For me the COVID-19 virus lockdown and subsequent easing was marked by site visits walking on the Posties Path, a Scottish Wildlife Trust lead project on the Trusts largest reserve Ben Mòr Coigach.


The waymarked path, which skirts the seaward side of BenMor Coigach, is one of three traditional routes around ‘the rock, the stunning and rugged multiple peaks that make up Ben Mòr Coigach’. Walking these difficult routes was known as ‘taking the rock’ (A’ gabhail na Creige). The Postman’s Path was named in recognition of the postmen who took the rock twice a week, bringing mail to and from the Coigach communities in the 1860s


Before lockdown I walked the Posties Path with the Reserves North Team from west to east to review the work on the path (https://www.coigach-assynt.org/2020/03/taking-the-posties-path-gabhail-achreig/ ). The Posties Path is a rugged path and it was never the intention of the project to tame the path into chipping topped urban path.   With relatively little traffic the intention was to address the key pinch points of the path with a modest sum sourced from the National Lottery Heritage Fund, the Landfill Fund and Ramblers Scotland by installing large stone works that fit into the landscape and will require little maintenance in the future. The contractor A.C.T. Heritage Ltd has outdone themselves in this work that included the more rugged slopes and precipitous sections on the East leg of the path, significantly improving the path.


And then as it became clear that the lockdown would come in force in March and the path workers were ordered off the hill, and we all experienced the restrictions of lockdown.

Figure 1. Looking west on the Posties Path with Michelle Henley, Acting Reserves Manager North, path consultant and contractor representatives © B Alexander/ Scottish Wildlife Trust
Figure 2. Walking the Posties Path looking eastward to Achiltibuie and the Summer Isles © B Alexander/ Scottish Wildlife Trust

As the lockdown goes, both my family and I really appreciate living in the Highlands. Out the windows we can see the spectacular hills lining Lochbroom and we are but footsteps from the country’s best scenery. Additionally, working through video calls from home has allowed more incite with colleagues and partners. The video call is a window into the home of the person being call, and I have picked up little details of their interests and persona. This ranges from their pets (cats or malamute), activities (bicycles or sewing manakin), to interests in wildlife (either Yukon Wolves, Lynx of Canada or dinosaurs of Jurassic Park). However, the down side to being immersed into technological communication is that after work I have ignored my own persona; emails and communicated less with friends and family. Additionally, with my home working station steps from my bed, I have found that that my work life has consumed my home life. However the wildlife and scenery that surround our village is phenomenal! For example a high point last week when fishing at Rhue Point on Lochbroom (one of my favourite places for not catching fish), with a fantastic view over Ben Mòr Coigach and the sunset over the Summer Isles, I saw two pods of common dolphins swimming into Lochbroom (see Facebook post of Scottish Wildlife Trust’s Noel Hawkins, Living Seas Communities Officer).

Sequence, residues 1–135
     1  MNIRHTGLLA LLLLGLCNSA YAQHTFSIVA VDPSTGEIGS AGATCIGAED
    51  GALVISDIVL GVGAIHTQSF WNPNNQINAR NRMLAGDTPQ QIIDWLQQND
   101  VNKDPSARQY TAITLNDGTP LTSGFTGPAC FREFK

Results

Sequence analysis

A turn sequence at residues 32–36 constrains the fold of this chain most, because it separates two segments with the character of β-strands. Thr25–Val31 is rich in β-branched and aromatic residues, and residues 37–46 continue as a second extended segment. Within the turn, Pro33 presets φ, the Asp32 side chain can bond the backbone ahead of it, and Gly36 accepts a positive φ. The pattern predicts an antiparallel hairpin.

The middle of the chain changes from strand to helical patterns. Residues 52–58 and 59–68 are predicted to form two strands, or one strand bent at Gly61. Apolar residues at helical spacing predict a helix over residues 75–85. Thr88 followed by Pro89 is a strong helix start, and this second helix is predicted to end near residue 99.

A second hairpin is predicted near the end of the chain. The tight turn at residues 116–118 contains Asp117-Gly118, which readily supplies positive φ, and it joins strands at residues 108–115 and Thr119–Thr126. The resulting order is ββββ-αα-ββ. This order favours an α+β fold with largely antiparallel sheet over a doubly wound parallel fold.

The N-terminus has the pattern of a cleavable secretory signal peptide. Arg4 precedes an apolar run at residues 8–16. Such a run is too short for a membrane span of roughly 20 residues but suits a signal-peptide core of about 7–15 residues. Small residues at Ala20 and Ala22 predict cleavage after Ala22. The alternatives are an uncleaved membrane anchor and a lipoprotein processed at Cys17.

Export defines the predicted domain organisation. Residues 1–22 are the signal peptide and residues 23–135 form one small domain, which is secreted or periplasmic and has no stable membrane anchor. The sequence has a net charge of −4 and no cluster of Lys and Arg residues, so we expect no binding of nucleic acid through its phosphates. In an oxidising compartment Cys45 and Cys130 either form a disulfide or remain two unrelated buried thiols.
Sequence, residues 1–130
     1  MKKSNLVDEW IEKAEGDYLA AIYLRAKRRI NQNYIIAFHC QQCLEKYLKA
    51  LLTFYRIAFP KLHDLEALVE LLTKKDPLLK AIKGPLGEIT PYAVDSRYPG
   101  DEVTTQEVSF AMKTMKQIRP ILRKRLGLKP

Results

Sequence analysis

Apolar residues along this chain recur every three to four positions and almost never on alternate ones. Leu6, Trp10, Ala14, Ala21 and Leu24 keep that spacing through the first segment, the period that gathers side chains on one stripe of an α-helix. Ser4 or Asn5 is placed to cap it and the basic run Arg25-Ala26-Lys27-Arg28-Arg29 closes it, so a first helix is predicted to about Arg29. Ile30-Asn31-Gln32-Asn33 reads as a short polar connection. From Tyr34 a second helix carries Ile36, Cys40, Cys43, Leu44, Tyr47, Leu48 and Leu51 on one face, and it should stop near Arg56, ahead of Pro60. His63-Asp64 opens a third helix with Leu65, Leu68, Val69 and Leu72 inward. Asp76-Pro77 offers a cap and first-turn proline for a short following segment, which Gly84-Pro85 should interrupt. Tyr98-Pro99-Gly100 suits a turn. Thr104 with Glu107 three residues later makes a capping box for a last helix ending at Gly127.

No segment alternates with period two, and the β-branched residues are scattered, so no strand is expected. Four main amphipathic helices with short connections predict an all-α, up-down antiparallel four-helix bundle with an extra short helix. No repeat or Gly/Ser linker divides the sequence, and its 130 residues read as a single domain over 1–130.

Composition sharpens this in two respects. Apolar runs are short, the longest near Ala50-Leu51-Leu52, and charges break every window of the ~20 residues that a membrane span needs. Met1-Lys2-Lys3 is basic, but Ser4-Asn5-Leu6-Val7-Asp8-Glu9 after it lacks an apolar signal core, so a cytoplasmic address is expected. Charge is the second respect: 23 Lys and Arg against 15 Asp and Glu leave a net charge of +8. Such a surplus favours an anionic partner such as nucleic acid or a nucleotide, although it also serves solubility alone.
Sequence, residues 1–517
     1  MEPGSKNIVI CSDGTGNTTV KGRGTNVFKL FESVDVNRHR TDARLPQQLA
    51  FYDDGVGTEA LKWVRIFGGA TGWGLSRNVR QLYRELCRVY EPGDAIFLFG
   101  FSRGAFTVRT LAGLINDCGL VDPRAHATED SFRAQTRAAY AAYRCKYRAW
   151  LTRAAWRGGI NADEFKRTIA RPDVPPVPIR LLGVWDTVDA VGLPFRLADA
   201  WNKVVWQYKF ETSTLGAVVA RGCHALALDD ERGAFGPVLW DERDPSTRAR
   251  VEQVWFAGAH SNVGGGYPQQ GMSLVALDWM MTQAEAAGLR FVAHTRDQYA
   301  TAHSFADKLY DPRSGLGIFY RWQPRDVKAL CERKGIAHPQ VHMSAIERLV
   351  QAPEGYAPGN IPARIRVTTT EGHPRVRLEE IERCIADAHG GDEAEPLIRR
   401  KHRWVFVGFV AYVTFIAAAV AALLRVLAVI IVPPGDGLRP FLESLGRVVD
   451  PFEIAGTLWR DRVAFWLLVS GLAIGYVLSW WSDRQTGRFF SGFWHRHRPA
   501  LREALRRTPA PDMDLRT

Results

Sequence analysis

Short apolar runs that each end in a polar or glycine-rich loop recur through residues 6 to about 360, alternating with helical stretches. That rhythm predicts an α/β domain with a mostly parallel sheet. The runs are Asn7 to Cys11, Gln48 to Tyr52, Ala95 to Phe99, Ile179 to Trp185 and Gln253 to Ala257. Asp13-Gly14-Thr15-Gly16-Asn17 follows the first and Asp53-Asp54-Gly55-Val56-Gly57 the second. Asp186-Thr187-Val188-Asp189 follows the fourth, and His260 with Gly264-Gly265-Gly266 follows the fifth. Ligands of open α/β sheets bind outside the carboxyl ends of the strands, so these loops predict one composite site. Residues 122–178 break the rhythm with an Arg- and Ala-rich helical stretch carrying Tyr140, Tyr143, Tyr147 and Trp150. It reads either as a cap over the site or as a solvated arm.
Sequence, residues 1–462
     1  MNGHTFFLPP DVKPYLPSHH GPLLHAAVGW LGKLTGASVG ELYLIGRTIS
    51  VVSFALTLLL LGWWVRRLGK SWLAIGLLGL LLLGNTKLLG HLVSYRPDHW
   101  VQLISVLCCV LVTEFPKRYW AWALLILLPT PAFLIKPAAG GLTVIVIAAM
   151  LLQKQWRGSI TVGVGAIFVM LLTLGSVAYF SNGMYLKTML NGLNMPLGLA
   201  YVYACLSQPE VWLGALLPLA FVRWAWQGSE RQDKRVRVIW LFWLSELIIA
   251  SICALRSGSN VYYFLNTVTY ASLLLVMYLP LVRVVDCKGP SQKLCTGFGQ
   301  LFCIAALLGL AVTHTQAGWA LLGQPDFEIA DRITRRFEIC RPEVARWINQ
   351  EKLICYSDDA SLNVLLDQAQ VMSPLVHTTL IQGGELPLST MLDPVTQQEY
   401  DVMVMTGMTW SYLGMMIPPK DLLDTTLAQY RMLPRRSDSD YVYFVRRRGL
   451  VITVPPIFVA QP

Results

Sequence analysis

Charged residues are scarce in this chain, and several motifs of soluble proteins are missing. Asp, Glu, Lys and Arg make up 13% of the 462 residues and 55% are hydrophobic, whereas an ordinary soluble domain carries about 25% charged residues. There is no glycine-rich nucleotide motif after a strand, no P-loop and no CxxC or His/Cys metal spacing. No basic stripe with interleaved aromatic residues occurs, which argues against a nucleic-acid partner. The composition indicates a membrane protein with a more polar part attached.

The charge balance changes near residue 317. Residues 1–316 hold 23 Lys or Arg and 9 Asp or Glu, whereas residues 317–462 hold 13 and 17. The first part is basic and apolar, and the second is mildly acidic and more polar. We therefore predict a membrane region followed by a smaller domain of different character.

So, with the easing of lockdown it was a pleasure to have a follow up site visit to the Posties Path with Acting North Manager North Michelle Henley and the path consultant and contractor representative. Suitably socially distanced, we reviewed work completed, looked to sources of stone for materials for work to come and for maintenance in the future, and identified the pinch points for work scheduled over the winter. Despite the foreboding forecast of the Met Office that day we were blessed with a cracking sun and blue skies. We did not sight any seals, sea eagles or pine martins as we had done on the previous walk, but the weather was simply gorgeous! One of the attractions of the path is during breaks in the walk, sitting on the bed rock of the slopes and feeling the incredible beauty and awesomeness of the landscape that surrounds the path.


I talked to Keith Mackey from the Outdoor Access Trust for Scotland, as we walked, about the beautiful panorama over Lochbroom and the rugged coast and slopes of Ben Mor Coigach. Keith noted that he has worked in landscapes all over Scotland, and at a particularly stunning view turn to me and exclaimed, “This is a world class path!”

Figure 3. Keith Mackay, Outdoor Access Trust for Scotland and Donald Mackenzie, A.C.T. Heritage on the Posties Path © B Alexander/ Scottish Wildlife Trust

Coigach & Assynt Living Landscape

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